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Degradation and overexploitation

The region's forests and woodlands have suffered from a long history of degradation and overexploitation. Extensive land clearing for human settlements and agriculture in mountainous areas along the coasts of the Mediterranean in Lebanon and Syria has been carried out throughout history (Thirgood 1981). Traditional sheep and goat herding is still practised in Juniperus excelsa forest ecosystems in the Anti- Lebanon mountains and on the Syrian steppes where relics of Pistacia atlantica trees still remain (Nahal 1995, Abido 2000a).

Over the past 30 years, natural forest areas have been fragmented and isolated and turned into a mosaic with agricultural fields in Syria, and with urban dwellings in Lebanon and Syria (World Bank and UNDP 1998, GORS 1991, Government of Lebanon 1995). It is difficult to provide a precise estimate of the level of forest degradation in the region over the past 30 years due to the inaccuracies of earlier estimates and the problems associated with comparing data from different countries due to different calculation methods employed. However, the data that are available indicate a 44 per cent reduction in the region's forest cover from 1972 to 2000.

In Lebanon up to 60 per cent of forests were lost between 1972 and 1994 (Government of Lebanon 1995) while the small area of forest in the Occupied Palestinian Territories decreased by 50 per cent during the 1980s and 1990s (Palestinian Authority 1999, FAOSTAT 1998). However, in the past ten years the total forest area in West Asia has remained almost stable (see table below). Significant changes have occurred only in Yemen, where forest area has decreased by 17 per cent, and in the United Arab Emirates, where plantation forests increased the total area by 32 per cent (FAO 2001a).

Change in forested land 1990-2000 by sub-region: West Asia
  total land area
(1 000 ha)
total forest 1990
(1 000 ha)
total forest 2000
(1 000 ha)
% of land forested in 2000 change 1990-2000
(1 000 ha)
% change per year
Arabian Peninsula 300 323 2 292 2 281 0.8 -11 -0.05
Mashriq 72 069 1 383 1 382 1.9 -1 -0.01
West Asia 372 392 3 675 3 663 1.0 -12 -0.03
Source: compiled from FAO 2001a Note: numbers may not add due to rounding

Several countries have a high proportion of planted forests (100 per cent in Kuwait, Oman and Qatar, 97.8 per cent in the United Arab Emirates and approximately 50 per cent in both Jordan and Syria) (FAO 2001b). Afforestation programmes increased the forested area in Jordan by 20 per cent during the 1980s and 1990s (FAOSTAT 1998).

Population growth, urbanization, economic developments (including tourism) and conflict (for example in Iraq, Lebanon and Syria) are among the external factors that significantly affect forests. Fire, overgrazing and overcutting of wood products have contributed locally to forest degradation (FAO 1997). Poverty and inappropriate forest policies are overriding factors contributing to forest and woodland deterioration in the Mashriq countries and Yemen. Until recently, poor demarcation of public and private lands in and around some forests and protected areas has led to ownership disputes and conflicts, providing the opportunity for some people to increase their private land holdings at the expense of public forest.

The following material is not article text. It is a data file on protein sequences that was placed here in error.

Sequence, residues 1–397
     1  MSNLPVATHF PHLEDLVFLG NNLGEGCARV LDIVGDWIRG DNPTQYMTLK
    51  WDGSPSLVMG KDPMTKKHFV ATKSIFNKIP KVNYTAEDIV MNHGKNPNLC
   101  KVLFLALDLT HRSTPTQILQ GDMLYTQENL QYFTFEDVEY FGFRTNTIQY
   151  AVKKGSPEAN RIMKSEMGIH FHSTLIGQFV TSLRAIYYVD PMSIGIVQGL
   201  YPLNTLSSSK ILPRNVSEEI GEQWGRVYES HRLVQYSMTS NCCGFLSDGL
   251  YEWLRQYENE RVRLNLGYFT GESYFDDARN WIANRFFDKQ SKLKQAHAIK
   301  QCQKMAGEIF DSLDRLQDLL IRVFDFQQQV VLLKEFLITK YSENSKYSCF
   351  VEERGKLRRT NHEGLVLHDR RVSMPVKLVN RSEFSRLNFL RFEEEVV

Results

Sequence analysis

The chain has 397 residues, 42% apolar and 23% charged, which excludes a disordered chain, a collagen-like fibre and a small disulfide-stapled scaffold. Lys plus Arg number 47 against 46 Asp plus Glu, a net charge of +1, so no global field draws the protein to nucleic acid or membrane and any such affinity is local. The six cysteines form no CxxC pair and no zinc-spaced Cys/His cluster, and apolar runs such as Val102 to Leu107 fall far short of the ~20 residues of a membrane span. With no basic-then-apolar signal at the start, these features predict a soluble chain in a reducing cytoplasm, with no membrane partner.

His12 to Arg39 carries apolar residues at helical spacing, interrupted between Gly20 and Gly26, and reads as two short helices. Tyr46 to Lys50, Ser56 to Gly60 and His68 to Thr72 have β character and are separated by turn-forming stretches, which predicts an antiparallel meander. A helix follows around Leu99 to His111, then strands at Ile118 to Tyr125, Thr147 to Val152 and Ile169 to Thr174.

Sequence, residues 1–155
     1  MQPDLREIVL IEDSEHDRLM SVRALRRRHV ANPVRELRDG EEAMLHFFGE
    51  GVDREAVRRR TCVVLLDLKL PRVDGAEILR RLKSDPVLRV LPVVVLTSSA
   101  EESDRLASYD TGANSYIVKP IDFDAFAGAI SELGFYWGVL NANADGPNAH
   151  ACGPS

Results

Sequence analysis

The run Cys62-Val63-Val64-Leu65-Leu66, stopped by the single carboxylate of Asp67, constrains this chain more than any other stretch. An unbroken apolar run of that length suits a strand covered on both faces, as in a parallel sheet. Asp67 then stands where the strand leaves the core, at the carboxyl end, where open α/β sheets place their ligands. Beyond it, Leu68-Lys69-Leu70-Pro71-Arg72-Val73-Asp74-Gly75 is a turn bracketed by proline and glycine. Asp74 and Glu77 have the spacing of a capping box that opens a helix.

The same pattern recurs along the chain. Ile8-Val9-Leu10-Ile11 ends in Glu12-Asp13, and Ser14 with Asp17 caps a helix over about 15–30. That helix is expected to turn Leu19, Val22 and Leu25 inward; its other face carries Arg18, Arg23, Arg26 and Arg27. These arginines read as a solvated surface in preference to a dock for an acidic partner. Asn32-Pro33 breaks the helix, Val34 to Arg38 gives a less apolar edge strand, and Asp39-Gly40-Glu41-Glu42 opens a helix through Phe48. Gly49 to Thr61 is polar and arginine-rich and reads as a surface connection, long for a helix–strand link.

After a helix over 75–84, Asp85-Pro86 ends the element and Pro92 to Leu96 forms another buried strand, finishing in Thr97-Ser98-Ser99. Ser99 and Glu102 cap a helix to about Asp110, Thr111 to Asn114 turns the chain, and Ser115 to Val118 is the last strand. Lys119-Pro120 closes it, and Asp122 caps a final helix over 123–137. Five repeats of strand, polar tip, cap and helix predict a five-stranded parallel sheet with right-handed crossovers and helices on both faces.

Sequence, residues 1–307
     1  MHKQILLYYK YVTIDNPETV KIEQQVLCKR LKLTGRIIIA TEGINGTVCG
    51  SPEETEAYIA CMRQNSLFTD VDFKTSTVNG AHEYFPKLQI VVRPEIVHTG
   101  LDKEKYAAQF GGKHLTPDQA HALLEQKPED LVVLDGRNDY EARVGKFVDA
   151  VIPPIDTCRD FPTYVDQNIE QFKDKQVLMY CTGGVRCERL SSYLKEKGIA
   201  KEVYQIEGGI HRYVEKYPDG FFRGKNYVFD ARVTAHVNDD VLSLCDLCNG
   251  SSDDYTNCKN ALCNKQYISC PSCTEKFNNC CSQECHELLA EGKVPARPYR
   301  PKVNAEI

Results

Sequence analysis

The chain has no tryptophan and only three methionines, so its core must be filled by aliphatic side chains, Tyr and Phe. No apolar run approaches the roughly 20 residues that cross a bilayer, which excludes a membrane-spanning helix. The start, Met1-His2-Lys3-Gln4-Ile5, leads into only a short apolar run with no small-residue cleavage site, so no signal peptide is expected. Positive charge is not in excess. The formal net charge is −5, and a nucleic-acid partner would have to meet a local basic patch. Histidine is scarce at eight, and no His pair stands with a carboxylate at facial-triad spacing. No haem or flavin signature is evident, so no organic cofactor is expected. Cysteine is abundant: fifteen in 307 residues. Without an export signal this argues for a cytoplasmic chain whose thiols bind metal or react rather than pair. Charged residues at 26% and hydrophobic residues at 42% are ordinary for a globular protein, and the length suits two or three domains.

Dragon's blood tree (Dracaena draco) growing in arid surroundings in Yemen; more than half Yemen's population depends on limited fuelwood supplies for cooking

Source: UNEP, Mohamed Moslih Sanabani, Topham Picturepoint

Rural communities, especially in mountainous areas, depend heavily on forest resources for their supply of timber, fuelwood, charcoal and non-wood forest products, putting enormous pressure on the limited resources available. It is estimated that 57 per cent of families in Yemen depend on forest resources to satisfy their domestic needs for fuel. The average consumption of 0.5 m3 per person a year far exceeds average annual growth in the country's forests (Government of Yemen 2000). Iraq, Jordan, Lebanon, Saudi Arabia and Syria also use a significant proportion of their wood production for domestic fuel (FAO 2001a). Excessive cutting and wood collection have rendered fragile forest ecosystems prone to soil erosion and desertification (World Bank and UNDP 1998, Government of Lebanon 1995, Government of Yemen 2000). However, rapid urbanization and industrialization in West Asia are resulting in seasonal and permanent rural migration into urban areas (FAO 1997) and this trend is expected to reduce pressure on rural forests in terms of fuelwood collection and grazing.

The average area destroyed each year by forest fires has doubled in parts of the Mediterranean basin since the 1970s (Alexandrian, Esnault and Calabri 1999) and increased by almost 40 per cent in Jordan in the 1980s and 1990s compared to the 1970s (Government of Jordan 1997). In Lebanon, around 550 ha of forest area were lost each year between 1961 and 1997 due to a variety of causes including fire, cutting and urban encroachment. In Syria, as much as 8 000 ha of forests were converted to other land uses by burning between 1985 and 1993, and an additional 2 440 ha of forests were converted to farmland during the same period. Since the 1970s, more than 20 000 ha of coastal forests were burnt in northwestern Syria, resulting in soil erosion of up to 20 tonnes/ha/year on steep slopes (World Bank and UNDP 1998).